When it comes to your study of marketing, are you suffering from “information overload”?
Do you find there are simply way too many marketing webinars, conferences, seminars, books, e-newsletters, articles, podcasts, blogs, e-books, videos, and audio programs for you to ever keep up with?
No wonder. As one Yale librarian pointed out, “We are drowning in information and starved for knowledge.”
Buckminster Fuller observed that until 1900, human knowledge doubled approximately every century. Today, human knowledge is doubling every 13 months.
To protect yourself against this avalanche of data, here are my suggestions for coping with marketing information overload:
1) Pick one area of marketing to specialize in. This specialization could be by media or channel (e.g., e-mail marketing, social media), by product (e.g., software, vitamins), or by target market (e.g., Hispanics, single parents).
2) As you study marketing, devote 80% of your reading to your area of specialization. As a direct marketer, I devote most of my study to direct marketing including direct mail, e-mail marketing, advertising, and other direct response techniques. I am interested in SEO and social media, but to allocate my learning time properly, I can only scratch the surface of those topics, not immerse myself in them. I am forced by time limitations to leave that to others.
3) The goal is to become and maintain yourself as an up-to-date expert in your specialty, which again, in my case, is direct marketing. So I study content on direct marketing in depth. I read in the field endlessly.
4) While you don’t have to be an expert on all the other marketing topics outside your specialty, you should at least be conversant in them, especially the hot trends like online video, Google+, infographics, memes, and SEO. So when clients and colleagues talk about them, you can at least keep up with the discussion. I study direct marketing content, but I only peruse other marketing content.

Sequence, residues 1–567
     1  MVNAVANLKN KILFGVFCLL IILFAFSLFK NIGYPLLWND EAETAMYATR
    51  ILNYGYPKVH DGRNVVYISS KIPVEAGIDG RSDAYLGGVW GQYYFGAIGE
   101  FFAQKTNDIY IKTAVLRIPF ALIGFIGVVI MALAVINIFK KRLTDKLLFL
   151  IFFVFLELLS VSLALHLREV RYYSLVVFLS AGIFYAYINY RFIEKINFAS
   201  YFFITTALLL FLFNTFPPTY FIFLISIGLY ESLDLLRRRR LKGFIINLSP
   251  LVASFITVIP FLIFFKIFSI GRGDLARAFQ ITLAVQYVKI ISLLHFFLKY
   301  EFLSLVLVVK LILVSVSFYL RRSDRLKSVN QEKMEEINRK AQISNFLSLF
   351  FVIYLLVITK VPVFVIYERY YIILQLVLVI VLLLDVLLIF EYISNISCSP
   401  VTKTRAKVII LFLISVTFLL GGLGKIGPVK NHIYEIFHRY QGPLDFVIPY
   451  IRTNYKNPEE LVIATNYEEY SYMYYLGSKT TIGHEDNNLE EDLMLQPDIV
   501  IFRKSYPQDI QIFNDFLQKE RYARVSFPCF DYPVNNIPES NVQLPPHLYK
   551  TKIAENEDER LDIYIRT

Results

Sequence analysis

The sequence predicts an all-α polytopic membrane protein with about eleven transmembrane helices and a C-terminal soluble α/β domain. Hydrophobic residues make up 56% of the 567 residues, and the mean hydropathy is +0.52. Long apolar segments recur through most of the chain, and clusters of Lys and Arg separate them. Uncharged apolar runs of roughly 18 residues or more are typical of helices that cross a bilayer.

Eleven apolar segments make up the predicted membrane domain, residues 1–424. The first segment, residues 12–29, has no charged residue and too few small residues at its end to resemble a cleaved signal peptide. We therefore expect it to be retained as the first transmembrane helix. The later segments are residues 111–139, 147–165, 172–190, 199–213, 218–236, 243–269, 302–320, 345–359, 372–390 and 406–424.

5) Don’t go insane buying tons of information products that will cost you thousands of dollars and you will likely never even read or watch. When you buy an information product, study it. Then you can go on to the next one. Yes, I know what I just told you will hurt my sales, but I put your best interests first, and mine second.
6) Do not feel obligated to read everything ever written on your topic because you are afraid that if you don’t, you will miss something vital. You should “bone up” on a topic until you are at the point where you can stop reading about it and actually start doing it. And then you should do it. You will then start learning not just from study, but from experience.
7) Thomas Edison said we don’t know one-millionth of one percent about anything. Even in your area of specialization, you aren’t going to know everything there is to know about the subject…not even close. So quit trying.
8) If you spend an 8-hour day working in your field, here’s how I would divide the time, at least at the start of your career: 5-6 hours practicing your skill or craft; 1-2 hours studying through reading (and listening to audios and watching videos); and 1-2 hours managing the administrative side of your business or activity (e.g. answering e-mails, paying bills, social media, writing on your blog).
9) Don’t agonize over what to read and save vs. what to skip and trash. When in doubt, throw it out. There is always more coming your way every day to take its place.
Of course there is so much information out there that you could read and study 16 hours a day, not 2 hours a day. But if you do, you won’t have a life, and besides, it is not necessary.
Study 1-2 hours a day…practice or do your specialty 5-6 hours a day…and you will master your craft or topic at a rate that makes you successful and profitable.
Bob Bly is the author of “World’s Best Copywriting Secrets” and has written copy for more than 100 companies including IBM, Boardroom, Medical Economics and AT&T. He is the author of more than 75 books and a columnist for Target Marketing, Early To Rise and The Writer. McGraw-Hill calls him “America’s top copywriter”.